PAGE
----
Column  Foreign Affairs and National Security  2013.09.04

Will President Obama Visit Hiroshima And Nagasaki?

As to whether President Obama will visit Hiroshima and Nagasaki during his presidency, John Roos, Ambassador to Japan, said at his final press conference, on August 8, before his departure from Japan, "I have no doubt in the sincerity of his words, that he would be honored to do so during his presidency." Ambassador Roos was the first U.S. Ambassador to visit Hiroshima, in 2010, and then Nagasaki, in 2012, and he has attended annual commemoration ceremonies for the victims of the atomic bombs almost every year.

At the press conference, Ambassador Roos revealed, "The president was fully supportive of my going to Hiroshima and Nagasaki." Immediately after his inauguration in 2009, President Obama actively began trying to eliminate nuclear weapons, stating that, as the only nuclear power to have used a nuclear weapon, the United States has a moral responsibility to take action. This past June in Berlin, he called for the United States and Russia to reduce their deployed nuclear warheads to 1,000 -1,100 each.

A visit by the President of the United States to the two cities that were devastated by U.S. atomic bombs would be groundbreaking. Not surprisingly, therefore, Ambassador Roos's comments, which implied that a visit might be highly probable, attracted much attention in Japan.

The visits will be by no means easy. Neither Japan nor the United States has been able to transcend the experiences of World War II and its aftermath. In the U.S., a strong sentiment persists against negative views regarding the U.S. use of atomic bombs on Japan, and, moreover, prevailing sentiment is that such use was necessary to end the war. The Japanese viewpoint is that the killing of a large number of civilians through a military attack is intolerable; however, U.S. public opinion is quite different on this point as well.

In addition, the U.S. dreads the thought of a nuclear-armed Japan. This concern is hard for the Japanese to comprehend, but the U.S. fear has manifested itself on various occasions. Back in 1990, when the then-Commander of U.S. Marine Corps in Okinawa described American troops as the "cork in the bottle" to prevent revived Japanese militarism, quite a controversy resulted. Since then, comments have recurred expressing a fear of Japan's remilitarization or nuclearization; they indicate the extent to which this kind of thinking is deep-rooted in the U.S. One can say that it reflects that the U.S. still has not been able to break away from post-WWII attitudes.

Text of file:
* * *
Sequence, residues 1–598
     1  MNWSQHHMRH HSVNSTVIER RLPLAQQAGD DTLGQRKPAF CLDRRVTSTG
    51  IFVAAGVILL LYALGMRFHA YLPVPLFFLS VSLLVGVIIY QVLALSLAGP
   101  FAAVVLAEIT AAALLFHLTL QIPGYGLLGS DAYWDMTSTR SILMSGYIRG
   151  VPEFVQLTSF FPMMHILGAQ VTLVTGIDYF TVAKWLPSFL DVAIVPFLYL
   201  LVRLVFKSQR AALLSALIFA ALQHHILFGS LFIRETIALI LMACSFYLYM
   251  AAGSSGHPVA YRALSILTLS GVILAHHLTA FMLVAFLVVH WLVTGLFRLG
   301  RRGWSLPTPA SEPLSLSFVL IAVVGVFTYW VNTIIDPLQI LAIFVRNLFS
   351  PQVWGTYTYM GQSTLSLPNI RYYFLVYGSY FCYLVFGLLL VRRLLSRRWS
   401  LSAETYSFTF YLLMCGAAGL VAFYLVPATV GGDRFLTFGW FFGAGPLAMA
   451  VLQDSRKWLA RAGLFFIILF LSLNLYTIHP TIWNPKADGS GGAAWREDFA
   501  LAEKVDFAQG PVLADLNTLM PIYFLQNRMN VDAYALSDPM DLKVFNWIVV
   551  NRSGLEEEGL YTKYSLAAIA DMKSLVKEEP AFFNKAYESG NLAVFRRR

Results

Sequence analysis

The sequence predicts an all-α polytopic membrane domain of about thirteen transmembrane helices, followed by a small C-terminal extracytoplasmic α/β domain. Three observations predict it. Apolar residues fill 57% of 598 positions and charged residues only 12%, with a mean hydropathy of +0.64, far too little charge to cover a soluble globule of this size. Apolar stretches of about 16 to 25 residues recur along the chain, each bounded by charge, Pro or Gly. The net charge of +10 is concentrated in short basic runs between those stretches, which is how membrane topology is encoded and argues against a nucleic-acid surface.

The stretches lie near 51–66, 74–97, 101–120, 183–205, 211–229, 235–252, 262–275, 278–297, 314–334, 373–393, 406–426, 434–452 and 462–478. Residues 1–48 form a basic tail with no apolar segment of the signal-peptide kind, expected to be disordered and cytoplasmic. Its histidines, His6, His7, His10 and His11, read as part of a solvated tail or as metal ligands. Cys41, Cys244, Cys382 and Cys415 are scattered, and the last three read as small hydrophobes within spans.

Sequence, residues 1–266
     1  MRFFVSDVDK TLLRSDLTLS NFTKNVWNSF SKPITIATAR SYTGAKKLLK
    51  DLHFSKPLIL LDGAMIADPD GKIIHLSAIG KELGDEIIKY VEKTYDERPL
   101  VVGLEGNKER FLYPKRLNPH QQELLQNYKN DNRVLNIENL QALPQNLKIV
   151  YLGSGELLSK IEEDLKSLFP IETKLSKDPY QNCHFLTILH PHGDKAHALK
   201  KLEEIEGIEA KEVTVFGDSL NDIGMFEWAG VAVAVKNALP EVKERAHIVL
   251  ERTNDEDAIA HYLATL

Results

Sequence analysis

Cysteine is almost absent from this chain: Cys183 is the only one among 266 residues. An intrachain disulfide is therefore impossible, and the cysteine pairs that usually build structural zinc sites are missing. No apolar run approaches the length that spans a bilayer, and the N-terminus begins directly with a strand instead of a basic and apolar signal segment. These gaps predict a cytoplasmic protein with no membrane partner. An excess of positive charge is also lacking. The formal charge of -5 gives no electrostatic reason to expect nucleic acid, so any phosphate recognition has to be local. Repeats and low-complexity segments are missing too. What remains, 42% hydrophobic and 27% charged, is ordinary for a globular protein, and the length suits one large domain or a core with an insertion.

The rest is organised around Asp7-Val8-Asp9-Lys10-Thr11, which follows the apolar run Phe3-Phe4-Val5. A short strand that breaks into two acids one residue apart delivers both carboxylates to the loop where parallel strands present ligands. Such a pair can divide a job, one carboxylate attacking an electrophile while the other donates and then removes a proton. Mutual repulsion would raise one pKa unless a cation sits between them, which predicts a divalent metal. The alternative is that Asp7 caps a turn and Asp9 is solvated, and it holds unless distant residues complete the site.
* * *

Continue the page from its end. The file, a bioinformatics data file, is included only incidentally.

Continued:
Under such circumstances, the consequences of a visit by the President of the United States to the cities where atomic bombs were dropped might result in political controversy in the U.S. Some suspect that he would be expected to apologize. Despite these various factors, President Obama is seriously considering visiting the two cities.

Those of us in Japan should support President Obama's efforts. Hiroshima and Nagasaki are ready to have a U.S. President visit. This would be not only to settle accounts about the past, but also because the President of the United States would want to squarely face the inhumanity of nuclear weapons and take affirmative steps to eliminate them. At a symposium, I heard a high school student state that it is not the intention of the bombed two cities to ask for an apology from the U.S. President.

Each time Ambassador Roos visits the two cities, he says that the experience is "incredibly powerful and moving" and that "everyone in the world should visit Hiroshima and Nagasaki." Complex sentiments seem to be embedded in these comments.

I visited the Hiroshima Peace Memorial Museum with a former high level official from the U.S. State Department. After the visit, I noticed that he was looking at me with horror. He was shocked at the devastation he had just seen, and he was holding his breath for fear that I may say something emotional after seeing the same exhibition. I felt that his eyes revealed not merely horror, but also desperate helplessness. They were the eyes of a person who expresses regret and bows his head for the terrible, unaccountable deed.

For the President of the United States to visit Hiroshima and Nagasaki, to pray for those who lost their lives from the nuclear bombs, and to pray for everlasting international peace would be deeply meaningful. It will help "the United States and Japan, as the only country to have dropped the atomic bomb and the only country to have suffered the effects of an atomic bomb (Ambassador Roos)" to be closer, and it will also contribute to the U.S. transcending its post-WWII dilemma. But, more importantly, it will be an opportunity for the President of the United States, while present at the locations devastated by the atomic bombs, to contemplate what nuclear weapons have brought, and meant, to the human race, while noting their significance for nuclear deterrence. This would be much more meaningful than attending international conferences where the topics are the elimination of nuclear weapons or the deterrence of nuclear proliferation.